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Urban Rhythms

School of Hard Knocks

By Wiley Hall III | Posted 11/14/2001

In late September, an independent panel "found" that Coppin State College, a historically black college in West Baltimore, has been so shamefully neglected by the state that it would need a massive infusion of funds to bring it up to 21st century standards.

The panel "found" that the state invested $699 in capital funds per student between 1990 and 2000 at Coppin, compared to an average of $16,144 per student at other Maryland public campuses. The majority of Coppin's 10 buildings need major renovations, the panel "found." Several of those buildings cannot be salvaged at all and need to be demolished.

Coppin lags behind its peers in technology, program development, and staffing. And while enrollment has grown steadily over the past decade, the panel noted that the need for Coppin's services is so great--it is located in a community that is 99 percent black, poor, and has one of the city's highest unemployment rates--that enrollment would likely increase even faster if the state showed even a modest commitment to the school.

I put quotation marks around the word "found" because, of course, none of this was news. In fact, the study panel was appointed at the request of the federal Office of Civil Rights, which has been trying for the better part of a decade to compel Maryland to dismantle its separate and unequal system of higher education.

You need to know this background in order to understand my reaction to the reaction of state officials to this "news." Their reaction was to blame Coppin's president.

"An unstated consensus . . . is that Coppin needs new leadership," opined an Oct. 6 editorial in The Sun. "Everyone likes the courtly president, Calvin W. Burnett, but many wonder if he's up to the task of managing a huge infusion of development. He's been in charge for 31 years. Not much has happened to reverse Coppin's decline during that time."

My reaction to this is unprintable, but I'm going to print it anyway: You arrogant, no good sons of bitches. You ought to roast in hell. How dare you blame Calvin W. Burnett. How dare you.

The pretense, of course, is that the state's leaders did not know what was happening at Coppin and that Burnett was remiss for not bringing it to their attention. This is a bald-faced and cowardly lie; a bodacious lie; to use Adolf Hitler's term, a big lie.

Burnett, who is far less coarse than I, answered this lie best: "We've been asking for years," he told The Sun in an interview last month. "And even if we hadn't asked, when a parent sees a child in need, does the child have to ask?"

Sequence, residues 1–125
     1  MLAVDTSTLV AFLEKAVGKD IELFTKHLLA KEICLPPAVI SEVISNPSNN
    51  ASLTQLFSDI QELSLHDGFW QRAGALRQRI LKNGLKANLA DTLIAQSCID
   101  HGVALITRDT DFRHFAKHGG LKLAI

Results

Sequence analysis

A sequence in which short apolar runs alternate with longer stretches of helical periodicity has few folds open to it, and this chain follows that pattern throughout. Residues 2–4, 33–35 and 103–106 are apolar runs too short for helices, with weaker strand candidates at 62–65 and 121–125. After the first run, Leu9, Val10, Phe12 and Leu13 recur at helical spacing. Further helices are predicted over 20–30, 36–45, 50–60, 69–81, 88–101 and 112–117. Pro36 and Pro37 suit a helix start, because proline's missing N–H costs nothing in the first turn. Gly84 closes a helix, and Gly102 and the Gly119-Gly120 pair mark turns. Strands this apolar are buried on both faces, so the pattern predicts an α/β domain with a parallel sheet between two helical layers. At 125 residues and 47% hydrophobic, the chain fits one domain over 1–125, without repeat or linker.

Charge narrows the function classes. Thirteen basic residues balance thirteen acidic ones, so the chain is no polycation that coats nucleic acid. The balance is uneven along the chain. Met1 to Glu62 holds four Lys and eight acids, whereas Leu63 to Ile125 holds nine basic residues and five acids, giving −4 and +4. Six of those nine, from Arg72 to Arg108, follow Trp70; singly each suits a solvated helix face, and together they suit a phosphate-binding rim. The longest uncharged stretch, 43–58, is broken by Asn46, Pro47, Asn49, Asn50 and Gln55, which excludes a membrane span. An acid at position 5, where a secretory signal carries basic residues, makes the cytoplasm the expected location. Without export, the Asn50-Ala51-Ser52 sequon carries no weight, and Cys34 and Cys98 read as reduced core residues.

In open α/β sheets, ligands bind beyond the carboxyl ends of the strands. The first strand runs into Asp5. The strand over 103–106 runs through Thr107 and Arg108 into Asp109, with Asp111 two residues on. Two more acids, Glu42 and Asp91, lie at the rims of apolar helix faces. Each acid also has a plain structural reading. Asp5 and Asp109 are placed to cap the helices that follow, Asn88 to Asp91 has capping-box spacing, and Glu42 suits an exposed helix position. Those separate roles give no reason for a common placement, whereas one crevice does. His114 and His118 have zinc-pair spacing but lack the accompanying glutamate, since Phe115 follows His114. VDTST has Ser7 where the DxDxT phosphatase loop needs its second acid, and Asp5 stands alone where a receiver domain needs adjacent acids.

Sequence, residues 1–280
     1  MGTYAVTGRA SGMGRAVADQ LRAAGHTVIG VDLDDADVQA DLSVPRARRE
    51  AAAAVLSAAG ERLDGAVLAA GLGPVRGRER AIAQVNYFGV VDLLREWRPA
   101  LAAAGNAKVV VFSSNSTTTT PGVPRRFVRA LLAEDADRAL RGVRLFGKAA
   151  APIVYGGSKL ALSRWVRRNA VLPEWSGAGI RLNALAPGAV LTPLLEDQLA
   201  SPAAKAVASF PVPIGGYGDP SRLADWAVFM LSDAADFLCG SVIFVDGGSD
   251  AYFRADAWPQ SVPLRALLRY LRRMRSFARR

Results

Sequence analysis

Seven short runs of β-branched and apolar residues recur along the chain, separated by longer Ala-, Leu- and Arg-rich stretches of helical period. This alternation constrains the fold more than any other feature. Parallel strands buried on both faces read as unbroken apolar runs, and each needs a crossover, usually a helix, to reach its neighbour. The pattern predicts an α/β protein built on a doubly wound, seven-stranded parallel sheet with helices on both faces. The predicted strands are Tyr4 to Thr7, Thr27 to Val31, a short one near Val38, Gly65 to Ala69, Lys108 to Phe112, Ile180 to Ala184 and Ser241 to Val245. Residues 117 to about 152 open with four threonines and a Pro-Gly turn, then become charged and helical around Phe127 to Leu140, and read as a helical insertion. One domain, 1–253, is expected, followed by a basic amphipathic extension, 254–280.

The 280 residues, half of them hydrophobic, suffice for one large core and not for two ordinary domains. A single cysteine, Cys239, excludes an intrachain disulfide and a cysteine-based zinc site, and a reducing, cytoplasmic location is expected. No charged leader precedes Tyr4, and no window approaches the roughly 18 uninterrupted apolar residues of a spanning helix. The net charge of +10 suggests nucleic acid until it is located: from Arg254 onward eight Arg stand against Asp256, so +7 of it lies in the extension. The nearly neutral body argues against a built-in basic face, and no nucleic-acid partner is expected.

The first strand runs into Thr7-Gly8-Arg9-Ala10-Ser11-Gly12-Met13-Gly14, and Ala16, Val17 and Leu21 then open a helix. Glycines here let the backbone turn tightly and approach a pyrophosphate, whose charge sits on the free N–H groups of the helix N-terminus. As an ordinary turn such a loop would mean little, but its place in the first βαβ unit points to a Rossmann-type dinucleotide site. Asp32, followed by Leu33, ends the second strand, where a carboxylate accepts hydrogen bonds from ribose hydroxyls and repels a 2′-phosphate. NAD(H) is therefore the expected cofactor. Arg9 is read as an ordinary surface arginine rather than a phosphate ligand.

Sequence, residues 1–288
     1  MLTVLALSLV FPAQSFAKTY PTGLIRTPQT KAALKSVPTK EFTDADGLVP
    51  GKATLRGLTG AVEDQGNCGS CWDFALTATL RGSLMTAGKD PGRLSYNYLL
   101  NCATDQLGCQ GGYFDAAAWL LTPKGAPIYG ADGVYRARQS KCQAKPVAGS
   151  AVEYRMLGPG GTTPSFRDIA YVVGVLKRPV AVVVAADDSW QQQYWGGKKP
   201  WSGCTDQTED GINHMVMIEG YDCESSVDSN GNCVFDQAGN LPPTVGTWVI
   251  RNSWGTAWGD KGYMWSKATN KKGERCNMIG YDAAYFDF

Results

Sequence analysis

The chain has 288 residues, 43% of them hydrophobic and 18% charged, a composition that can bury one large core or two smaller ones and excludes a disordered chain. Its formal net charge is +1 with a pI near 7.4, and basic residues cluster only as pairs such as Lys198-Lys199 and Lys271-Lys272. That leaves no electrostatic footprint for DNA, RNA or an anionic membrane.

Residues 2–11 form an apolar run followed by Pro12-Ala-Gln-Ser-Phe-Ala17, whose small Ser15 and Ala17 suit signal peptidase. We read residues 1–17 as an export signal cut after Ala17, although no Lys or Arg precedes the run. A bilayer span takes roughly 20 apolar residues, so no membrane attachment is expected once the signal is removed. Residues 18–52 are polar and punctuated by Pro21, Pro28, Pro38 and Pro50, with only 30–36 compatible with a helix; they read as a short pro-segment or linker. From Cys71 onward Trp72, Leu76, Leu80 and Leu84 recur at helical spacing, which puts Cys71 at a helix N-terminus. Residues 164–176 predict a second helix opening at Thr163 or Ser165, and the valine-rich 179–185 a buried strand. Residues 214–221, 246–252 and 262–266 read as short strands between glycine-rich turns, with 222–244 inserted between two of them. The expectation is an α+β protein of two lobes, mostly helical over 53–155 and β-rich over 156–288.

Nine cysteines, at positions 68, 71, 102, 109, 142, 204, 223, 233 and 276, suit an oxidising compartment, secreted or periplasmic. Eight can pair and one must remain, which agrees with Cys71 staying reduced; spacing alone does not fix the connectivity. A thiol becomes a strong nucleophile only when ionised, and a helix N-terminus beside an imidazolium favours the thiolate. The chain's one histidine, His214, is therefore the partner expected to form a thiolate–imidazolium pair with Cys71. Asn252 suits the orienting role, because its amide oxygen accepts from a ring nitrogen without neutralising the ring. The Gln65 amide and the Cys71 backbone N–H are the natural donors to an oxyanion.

Exactly right. Well put.

Burnett has announced that he will retire next August after 32 years at the helm. His tenure has been marked by a gallant struggle to fulfill Coppin's mission despite malign neglect from the state.

"Dr. Burnett needs to be saluted," state Sen. Clarence Mitchell IV (D-Baltimore City) tells me. "He made bricks without straw. Some people did everything they could to strangle Coppin financially, and the fact they couldn't do it speaks to the genius of Dr. Burnett."

Nevertheless, Burnett is stepping aside so that the state can concentrate on Coppin's future rather than on his leadership. Upon his departure, the state will no doubt engage in a brief flurry of brisk activity--as if to say, "Now we'll get things done."

In reality, Maryland is a Southern state with a Southern heritage and a Southern way of thinking. Most of the people who have occupied the State House and who sit in the General Assembly seem like decent enough people. But the grotesque disparity documented in this recent report did not occur by accident, and it wasn't hidden.

The study panel came up with a modest price tag of $300 million and very generously recommended that the state be allowed to spread that investment over 10 years. But any impulse I might have to give the state the benefit of the doubt about whether it can be persuaded to make such a commitment was destroyed by the lie, the bodacious, bald-faced, big lie. Confronted with evidence of their crime, state officials preferred to blame the man, the gentleman, who has struggled so hard to make their crime less awful for all these long years. Instead of hanging their collective heads in shame, they called for the resignation of the very man whom they ought to be celebrating as a superhero.

No, I'm afraid arrogant liars such as these cannot be trusted to do right by Coppin, its students, or the community it serves. You can bank on it.

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